A Case for Transitional Justice

The Trump administration has dissected, denounced, decried and dissolved many of the Obama administration’s actions. That the current president is so set on undoing his predecessor’s accomplishments should not keep those on the left from evaluating the Obama administration as well, especially through the lens of inaction. Why were no top-level bankers prosecuted for their role in the financial crisis of 2008? Why have so few Bush-era officials had to answer for their crimes, ranging from “enhanced interrogation” to the Iraq invasion? When bringing up Obama’s inaction, the standard response is: what else could be done? What would you have done? It is becoming clear that much more could have been done if not for the Obama administration’s lack of political will and optimistic desire to break continuity with the practices of the past. If sunlight is the best disinfectant, a failure to apply it leaves a festering wound, with complications that continue to amass.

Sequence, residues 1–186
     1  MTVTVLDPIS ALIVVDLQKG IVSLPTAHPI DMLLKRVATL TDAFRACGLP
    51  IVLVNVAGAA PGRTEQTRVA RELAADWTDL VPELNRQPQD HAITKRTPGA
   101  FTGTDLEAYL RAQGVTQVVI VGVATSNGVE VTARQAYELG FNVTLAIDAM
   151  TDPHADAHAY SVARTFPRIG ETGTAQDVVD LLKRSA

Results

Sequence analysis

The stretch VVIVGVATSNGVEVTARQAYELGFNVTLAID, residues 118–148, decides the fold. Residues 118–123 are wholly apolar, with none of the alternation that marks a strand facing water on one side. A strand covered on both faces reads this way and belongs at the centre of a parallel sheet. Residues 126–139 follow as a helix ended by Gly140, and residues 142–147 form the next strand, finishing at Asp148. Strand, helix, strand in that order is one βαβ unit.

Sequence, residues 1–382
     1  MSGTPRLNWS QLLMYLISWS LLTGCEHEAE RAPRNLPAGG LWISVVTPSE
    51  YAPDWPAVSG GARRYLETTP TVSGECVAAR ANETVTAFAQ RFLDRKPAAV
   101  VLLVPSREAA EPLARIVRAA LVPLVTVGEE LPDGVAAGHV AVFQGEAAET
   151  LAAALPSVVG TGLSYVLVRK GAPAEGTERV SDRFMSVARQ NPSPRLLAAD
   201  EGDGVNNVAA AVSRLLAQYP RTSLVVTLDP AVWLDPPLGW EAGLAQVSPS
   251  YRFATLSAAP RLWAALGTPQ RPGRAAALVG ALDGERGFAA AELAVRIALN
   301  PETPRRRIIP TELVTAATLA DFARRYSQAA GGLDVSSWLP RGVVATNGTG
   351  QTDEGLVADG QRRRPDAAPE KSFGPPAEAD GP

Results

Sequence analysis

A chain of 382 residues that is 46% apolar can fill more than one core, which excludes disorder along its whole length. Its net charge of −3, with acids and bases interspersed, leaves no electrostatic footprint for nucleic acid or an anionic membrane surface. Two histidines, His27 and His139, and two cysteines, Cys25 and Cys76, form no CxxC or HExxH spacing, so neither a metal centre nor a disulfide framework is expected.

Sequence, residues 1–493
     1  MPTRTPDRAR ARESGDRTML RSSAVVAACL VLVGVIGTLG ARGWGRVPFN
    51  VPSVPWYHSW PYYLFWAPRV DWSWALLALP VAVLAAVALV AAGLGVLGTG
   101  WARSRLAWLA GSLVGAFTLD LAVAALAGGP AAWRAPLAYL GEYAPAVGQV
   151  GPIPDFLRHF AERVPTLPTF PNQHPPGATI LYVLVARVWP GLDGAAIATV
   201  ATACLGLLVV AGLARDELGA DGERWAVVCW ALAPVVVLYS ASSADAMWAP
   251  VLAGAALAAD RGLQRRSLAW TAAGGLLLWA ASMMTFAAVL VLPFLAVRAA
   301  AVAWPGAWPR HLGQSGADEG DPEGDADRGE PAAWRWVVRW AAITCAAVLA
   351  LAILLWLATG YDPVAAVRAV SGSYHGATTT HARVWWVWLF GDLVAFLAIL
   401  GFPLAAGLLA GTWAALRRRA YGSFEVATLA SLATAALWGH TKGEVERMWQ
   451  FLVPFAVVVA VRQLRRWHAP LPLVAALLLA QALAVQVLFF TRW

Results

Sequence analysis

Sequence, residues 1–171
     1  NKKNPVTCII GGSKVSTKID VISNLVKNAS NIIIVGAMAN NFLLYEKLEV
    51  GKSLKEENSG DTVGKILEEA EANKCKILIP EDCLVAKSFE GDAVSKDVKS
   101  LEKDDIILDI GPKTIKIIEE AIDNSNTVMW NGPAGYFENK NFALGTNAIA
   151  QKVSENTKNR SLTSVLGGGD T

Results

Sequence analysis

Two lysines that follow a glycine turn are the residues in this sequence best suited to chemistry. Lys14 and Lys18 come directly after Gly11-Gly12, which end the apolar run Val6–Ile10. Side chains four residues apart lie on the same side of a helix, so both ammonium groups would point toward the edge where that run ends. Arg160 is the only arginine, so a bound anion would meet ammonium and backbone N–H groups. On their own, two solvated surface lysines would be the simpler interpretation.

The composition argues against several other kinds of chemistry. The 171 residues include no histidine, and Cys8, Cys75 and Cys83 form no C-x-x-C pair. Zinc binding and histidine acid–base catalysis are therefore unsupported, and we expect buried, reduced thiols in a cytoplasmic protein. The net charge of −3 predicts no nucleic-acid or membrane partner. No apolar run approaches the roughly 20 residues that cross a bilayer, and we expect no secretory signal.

In 2009, Obama was asked whether he would appoint a special prosecutor to investigate and potentially act against Bush officials who had committed crimes. He did not rule out the possibility, but said that his intention was to “look forward.” Very little action was taken until, in the wake of the 2014 torture report, Obama admitted, “We tortured some folks,” and his DOJ issued some memos denouncing extrajudicial interrogation. That was the full extent of action taken, and Obama’s administration went on to commit its own human rights abuses, ranging from escalation of drone warfare to full-scale NSA surveillance on Americans. Afraid of appearing partisan, the Obama administration looked the other way when it came to prosecuting war criminals and torturers. The lack of confrontation is coming back to haunt us.

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